Various versions of the Turing test have been put forward over the years but only one is so tough that even humans haven’t yet passed it. That will change if Florentin Neumann at the University of Paderborn in Germany and a couple of pals have their way.
This alternate exam is called the Hofstadter-Turing Test, after Douglas Hofstadter who put forward a version of the idea in an essay called Coffee House Conversation in 1982. Here’s how it works (pay attention because it contains a certain circularity to the argument):
An entity passes the Hofstadter-Turing Test if it first creates a virtual reality, then creates a computer program within that reality which must finally recognise itself as an entity within this virtual environment by passing the Hofstadter-Turing Test.
Spot the tricky circularity to this test? Players can only pass if they create a virtual intelligence which must then pass the test itself. And since that hasn’t been achieved by any human in history, nobody has yet passed.
What’s interesting about the paper though, is that Neumann and co claim that humanity is moving closer to achieving a pass. First of all, we’re half way there because we’ve already built various virtual worlds. And now Neumann and co claim to have implemented a version of the Hofstadter-Turing Test in the Second Life virtual world.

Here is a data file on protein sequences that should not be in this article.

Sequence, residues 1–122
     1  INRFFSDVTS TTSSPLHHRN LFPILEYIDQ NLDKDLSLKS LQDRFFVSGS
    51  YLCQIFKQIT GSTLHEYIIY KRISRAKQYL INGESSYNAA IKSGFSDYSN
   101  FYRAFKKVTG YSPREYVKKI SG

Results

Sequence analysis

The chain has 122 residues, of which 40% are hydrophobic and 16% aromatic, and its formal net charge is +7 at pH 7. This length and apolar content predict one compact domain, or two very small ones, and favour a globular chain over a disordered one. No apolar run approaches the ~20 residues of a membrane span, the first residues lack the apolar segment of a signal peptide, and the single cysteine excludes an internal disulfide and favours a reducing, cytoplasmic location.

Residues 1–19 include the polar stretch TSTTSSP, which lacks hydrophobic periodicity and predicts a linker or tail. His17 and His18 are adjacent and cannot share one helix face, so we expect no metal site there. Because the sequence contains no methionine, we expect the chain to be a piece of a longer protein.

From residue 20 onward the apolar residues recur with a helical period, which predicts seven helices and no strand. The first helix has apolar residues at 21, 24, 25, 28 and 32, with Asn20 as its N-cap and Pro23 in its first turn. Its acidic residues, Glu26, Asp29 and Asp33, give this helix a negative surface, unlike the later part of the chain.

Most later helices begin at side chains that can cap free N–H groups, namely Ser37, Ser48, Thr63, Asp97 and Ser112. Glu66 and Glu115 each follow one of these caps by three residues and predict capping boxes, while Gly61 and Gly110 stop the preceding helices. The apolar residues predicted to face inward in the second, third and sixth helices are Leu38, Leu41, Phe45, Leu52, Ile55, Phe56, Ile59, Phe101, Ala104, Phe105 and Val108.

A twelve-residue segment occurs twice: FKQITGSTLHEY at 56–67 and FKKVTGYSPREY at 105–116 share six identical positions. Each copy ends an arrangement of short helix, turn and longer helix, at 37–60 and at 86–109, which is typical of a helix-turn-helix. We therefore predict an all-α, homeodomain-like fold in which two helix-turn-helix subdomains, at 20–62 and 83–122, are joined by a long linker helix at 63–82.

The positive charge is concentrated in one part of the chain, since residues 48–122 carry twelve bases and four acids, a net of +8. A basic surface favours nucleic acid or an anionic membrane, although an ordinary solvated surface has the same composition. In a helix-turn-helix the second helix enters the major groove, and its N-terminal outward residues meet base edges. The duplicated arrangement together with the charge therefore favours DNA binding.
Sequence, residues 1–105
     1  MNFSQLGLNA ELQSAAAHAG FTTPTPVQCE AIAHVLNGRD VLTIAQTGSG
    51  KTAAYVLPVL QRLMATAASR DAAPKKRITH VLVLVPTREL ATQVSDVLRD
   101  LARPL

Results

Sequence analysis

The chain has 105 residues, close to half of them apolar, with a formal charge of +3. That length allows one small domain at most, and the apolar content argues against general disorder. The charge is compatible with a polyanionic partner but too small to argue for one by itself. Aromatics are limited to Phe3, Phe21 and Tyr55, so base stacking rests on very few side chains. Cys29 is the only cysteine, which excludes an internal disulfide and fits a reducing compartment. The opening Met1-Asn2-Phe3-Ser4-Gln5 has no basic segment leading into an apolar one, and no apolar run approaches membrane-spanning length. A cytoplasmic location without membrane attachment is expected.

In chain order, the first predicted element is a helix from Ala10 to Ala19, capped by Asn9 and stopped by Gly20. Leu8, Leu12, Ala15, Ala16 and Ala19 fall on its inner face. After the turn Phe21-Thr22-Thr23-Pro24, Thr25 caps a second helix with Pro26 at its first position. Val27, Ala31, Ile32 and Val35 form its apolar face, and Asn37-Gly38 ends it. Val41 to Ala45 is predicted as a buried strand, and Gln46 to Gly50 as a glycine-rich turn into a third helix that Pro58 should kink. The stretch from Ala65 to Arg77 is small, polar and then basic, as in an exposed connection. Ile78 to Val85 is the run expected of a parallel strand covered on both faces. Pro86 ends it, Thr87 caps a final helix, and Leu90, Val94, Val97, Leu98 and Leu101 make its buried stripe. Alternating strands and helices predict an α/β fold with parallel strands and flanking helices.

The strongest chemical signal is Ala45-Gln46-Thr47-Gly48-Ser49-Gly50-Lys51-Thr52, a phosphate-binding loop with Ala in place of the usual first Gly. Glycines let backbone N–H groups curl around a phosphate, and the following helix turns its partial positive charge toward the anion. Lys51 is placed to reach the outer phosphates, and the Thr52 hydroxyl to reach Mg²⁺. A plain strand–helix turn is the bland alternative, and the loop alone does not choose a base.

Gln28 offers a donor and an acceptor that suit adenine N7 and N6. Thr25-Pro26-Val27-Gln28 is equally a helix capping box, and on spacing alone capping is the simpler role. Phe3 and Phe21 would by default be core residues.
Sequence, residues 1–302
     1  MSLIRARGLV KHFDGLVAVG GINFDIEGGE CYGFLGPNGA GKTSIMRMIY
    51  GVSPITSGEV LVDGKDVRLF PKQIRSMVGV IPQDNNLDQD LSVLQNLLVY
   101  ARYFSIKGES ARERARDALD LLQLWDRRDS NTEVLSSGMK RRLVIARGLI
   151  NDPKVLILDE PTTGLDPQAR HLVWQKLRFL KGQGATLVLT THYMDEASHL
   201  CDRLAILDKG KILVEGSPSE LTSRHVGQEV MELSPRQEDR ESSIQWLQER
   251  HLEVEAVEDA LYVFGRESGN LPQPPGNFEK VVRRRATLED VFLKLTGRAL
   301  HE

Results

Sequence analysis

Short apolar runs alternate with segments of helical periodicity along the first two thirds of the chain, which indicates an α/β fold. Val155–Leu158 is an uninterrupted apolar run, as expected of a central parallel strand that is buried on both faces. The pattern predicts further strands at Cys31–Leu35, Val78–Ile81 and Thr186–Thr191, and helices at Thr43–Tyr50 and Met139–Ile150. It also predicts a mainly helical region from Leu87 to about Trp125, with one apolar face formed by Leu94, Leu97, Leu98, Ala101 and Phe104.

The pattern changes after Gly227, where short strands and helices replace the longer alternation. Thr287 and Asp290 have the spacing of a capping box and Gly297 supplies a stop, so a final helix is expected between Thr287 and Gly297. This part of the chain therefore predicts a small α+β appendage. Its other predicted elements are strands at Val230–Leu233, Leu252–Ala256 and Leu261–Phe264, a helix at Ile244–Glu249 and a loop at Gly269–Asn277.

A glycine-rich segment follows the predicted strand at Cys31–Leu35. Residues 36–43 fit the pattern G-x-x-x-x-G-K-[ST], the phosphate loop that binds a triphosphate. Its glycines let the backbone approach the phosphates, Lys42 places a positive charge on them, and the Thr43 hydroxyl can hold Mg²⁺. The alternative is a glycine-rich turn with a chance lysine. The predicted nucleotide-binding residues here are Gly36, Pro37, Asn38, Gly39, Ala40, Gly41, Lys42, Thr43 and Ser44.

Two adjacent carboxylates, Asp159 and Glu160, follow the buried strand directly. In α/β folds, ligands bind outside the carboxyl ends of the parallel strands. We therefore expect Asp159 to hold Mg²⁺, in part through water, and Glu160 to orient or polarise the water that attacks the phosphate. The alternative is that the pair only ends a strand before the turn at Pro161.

“We have succeeded in implementing within Second Life the following virtual scenario: a keyboard, a projector, and a display screen. An avatar may use the keyboard to start and play a variant of game classic Pac-Man, i.e. control its movements via arrow keys.”
They go on to say:
“With some generosity, this may be considered as 2.5 levels of the Hofstadter-Turing Test:
1st: The human user installs Second Life on his computer and sets up an avatar.
2nd: The avatar implements the game of Pac-Man within Second Life.
3rd: Ghosts run through the mace on the virtual screen.
Observe that the ghosts indeed contain some (although admittedly very limited)
form of intelligence represented by a simple strategy to pursue Pacman.”
They’re absolutely right that taking this on board requires a remarkable amount of generosity: the Ghosts in a Pacman game are unlikely to ever put in a decent challenge in any other type of Turing Test.
But suppose we give them the generosity they desire. The process raises some interesting ways of analysing the various levels of reality that could occur when machines become intelligent. And what of the possibility that our efforts may be validating the intelligence of a programmer exactly one level higher than us?
Ref: arxiv.org/abs/0904.3612: Variations of the Turing Test in the Age of Internet and Virtual Reality